American health experts question study about vaccine's benefit for preventing heart attacks
A recent British study that finds an association between a flu shot and a lower risk of heart attack is getting some flak from scientists in the United States.
Some cardiologists and other healthcare experts in the U.S. say the study's findings are flawed. The study, published Monday in the Canadian Medical Association Journal, actually showed that 19% fewer heart attack patients had been vaccinated in the previous year—not that there was a 19% reduction in the rate of heart attacks among adults who had been vaccinated, according to Dr. Kirk Garratt, associate director of the division of cardiac intervention at Lenox Hill Hospital in New York City.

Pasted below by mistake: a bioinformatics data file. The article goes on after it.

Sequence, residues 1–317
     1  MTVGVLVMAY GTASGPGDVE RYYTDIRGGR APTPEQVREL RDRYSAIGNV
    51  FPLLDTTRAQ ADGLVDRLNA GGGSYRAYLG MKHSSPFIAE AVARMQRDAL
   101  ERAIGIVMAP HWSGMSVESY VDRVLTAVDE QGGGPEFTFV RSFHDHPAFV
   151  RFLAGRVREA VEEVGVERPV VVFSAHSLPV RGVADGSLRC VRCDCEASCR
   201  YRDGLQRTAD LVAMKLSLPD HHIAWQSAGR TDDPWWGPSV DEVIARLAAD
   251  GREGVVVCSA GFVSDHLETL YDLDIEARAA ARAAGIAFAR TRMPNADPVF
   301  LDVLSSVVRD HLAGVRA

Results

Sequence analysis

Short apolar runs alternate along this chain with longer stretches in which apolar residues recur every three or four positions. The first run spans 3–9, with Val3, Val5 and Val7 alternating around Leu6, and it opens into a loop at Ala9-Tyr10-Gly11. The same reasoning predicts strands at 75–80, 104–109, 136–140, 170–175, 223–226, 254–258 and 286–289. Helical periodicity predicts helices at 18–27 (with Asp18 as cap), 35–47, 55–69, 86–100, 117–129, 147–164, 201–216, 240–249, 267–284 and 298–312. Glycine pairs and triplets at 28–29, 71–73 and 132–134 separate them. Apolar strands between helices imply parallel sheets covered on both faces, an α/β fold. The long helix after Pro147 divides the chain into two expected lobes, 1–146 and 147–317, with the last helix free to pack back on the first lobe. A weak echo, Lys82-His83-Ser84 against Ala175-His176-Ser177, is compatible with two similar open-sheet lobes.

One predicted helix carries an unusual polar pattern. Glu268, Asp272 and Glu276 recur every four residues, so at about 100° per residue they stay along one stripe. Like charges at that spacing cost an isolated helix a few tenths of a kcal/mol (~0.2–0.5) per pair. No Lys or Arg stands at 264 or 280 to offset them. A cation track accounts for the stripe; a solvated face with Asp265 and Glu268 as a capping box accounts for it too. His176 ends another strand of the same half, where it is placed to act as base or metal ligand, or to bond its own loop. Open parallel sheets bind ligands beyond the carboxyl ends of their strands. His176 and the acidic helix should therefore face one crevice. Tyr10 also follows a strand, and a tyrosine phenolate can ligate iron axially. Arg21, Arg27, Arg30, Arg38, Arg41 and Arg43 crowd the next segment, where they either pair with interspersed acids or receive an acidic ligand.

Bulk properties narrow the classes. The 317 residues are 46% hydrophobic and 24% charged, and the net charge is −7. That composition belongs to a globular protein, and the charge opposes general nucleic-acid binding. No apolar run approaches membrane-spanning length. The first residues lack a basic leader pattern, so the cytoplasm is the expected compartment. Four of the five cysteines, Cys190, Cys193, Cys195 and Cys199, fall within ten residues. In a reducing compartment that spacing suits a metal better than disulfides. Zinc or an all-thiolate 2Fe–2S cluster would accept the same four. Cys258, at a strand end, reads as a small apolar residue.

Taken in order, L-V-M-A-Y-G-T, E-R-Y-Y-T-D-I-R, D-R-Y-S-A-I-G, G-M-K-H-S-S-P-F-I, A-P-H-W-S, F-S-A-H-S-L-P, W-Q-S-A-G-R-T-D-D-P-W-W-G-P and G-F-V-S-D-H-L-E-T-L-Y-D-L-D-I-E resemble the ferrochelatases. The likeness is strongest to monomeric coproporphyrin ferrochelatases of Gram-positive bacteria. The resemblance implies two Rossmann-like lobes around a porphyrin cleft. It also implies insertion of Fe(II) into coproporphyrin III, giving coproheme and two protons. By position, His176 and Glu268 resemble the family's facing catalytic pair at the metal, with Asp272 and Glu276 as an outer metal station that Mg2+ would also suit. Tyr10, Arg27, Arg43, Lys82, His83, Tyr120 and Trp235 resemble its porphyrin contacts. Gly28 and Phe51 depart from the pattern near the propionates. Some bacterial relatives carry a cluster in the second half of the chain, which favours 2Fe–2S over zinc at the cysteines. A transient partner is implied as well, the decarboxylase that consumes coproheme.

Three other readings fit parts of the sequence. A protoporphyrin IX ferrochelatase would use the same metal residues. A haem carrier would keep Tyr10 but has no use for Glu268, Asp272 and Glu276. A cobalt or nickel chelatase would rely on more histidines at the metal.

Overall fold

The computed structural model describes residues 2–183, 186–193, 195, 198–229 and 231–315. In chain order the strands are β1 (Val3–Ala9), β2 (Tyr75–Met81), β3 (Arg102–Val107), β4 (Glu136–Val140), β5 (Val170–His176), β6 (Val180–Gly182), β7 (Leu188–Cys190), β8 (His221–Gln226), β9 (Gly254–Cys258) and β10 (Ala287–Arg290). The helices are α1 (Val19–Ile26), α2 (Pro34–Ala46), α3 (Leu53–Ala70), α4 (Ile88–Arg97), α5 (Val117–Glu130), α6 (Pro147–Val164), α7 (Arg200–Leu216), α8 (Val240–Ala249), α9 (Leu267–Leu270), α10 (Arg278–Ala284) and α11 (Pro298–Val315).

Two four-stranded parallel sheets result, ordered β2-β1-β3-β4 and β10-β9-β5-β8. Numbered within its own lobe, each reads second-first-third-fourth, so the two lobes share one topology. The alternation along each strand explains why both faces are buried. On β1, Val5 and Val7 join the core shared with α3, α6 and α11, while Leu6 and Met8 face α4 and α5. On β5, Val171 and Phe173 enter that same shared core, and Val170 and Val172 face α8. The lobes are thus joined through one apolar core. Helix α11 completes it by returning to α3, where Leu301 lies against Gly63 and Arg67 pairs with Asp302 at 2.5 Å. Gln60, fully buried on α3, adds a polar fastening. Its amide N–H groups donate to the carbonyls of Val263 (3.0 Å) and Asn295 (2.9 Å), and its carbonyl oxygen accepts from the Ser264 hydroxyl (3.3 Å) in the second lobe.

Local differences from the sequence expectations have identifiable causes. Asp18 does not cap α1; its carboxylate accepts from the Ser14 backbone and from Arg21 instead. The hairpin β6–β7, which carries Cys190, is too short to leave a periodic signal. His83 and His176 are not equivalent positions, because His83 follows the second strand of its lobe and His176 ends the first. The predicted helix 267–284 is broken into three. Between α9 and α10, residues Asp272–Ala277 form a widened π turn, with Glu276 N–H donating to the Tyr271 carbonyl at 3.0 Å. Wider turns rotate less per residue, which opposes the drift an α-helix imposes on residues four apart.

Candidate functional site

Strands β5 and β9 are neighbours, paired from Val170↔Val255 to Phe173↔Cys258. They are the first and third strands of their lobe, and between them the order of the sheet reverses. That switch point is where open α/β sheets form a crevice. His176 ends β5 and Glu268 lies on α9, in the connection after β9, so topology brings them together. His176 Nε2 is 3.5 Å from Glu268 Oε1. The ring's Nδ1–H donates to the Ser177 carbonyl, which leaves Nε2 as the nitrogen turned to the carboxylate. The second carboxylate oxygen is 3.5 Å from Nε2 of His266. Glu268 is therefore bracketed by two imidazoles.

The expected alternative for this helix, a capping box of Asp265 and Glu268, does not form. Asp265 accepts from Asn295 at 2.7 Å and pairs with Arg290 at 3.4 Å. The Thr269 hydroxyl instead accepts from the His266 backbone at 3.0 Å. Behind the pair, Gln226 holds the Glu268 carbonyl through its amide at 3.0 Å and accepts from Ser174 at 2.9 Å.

The report's author, Dr. A. Niroshan Siriwardena, defended the study, saying that it looked at the likelihood of heart attack in both vaccinated and unvaccinated individuals. He also stressed that the study drew an association between vaccination and heart attack risk, rather than proving cause-and-effect, HealthDay reported. Despite their concerns, critics of the study note that there have long been theories about the association between vaccination and heart attack risk, and that the findings still reinforce the notion that flu vaccines are beneficial.